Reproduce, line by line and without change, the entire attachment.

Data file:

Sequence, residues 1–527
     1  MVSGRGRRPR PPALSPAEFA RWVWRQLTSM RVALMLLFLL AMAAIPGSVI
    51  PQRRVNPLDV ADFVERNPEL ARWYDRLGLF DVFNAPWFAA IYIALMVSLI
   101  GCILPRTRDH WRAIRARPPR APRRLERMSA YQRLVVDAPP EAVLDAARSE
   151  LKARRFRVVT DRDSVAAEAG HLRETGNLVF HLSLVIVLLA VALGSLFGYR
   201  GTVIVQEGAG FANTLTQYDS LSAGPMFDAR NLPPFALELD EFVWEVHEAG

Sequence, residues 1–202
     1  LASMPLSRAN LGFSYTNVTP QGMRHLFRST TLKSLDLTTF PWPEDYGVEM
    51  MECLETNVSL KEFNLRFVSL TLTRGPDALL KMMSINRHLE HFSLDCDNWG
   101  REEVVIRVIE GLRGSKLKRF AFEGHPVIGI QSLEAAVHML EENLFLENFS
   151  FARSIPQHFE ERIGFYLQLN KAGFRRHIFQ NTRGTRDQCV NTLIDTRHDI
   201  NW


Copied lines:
Sequence, residues 1–527
     1  MVSGRGRRPR PPALSPAEFA RWVWRQLTSM RVALMLLFLL AMAAIPGSVI
    51  PQRRVNPLDV ADFVERNPEL ARWYDRLGLF DVFNAPWFAA IYIALMVSLI
   101  GCILPRTRDH WRAIRARPPR APRRLERMSA YQRLVVDAPP EAVLDAARSE
   151  LKARRFRVVT DRDSVAAEAG HLRETGNLVF HLSLVIVLLA VALGSLFGYR
   201  GTVIVQEGAG FANTLTQYDS LSAGPMFDAR NLPPFALELD EFVWEVHEAG

Sequence, residues 1–202
     1  LASMPLSRAN LGFSYTNVTP QGMRHLFRST TLKSLDLTTF PWPEDYGVEM
    51  MECLETNVSL KEFNLRFVSL TLTRGPDALL KMMSINRHLE HFSLDCDNWG
   101  REEVVIRVIE GLRGSKLKRF AFEGHPVIGI QSLEAAVHML EENLFLENFS
   151  FARSIPQHFE ERIGFYLQLN KAGFRRHIFQ NTRGTRDQCV NTLIDTRHDI
   201  NW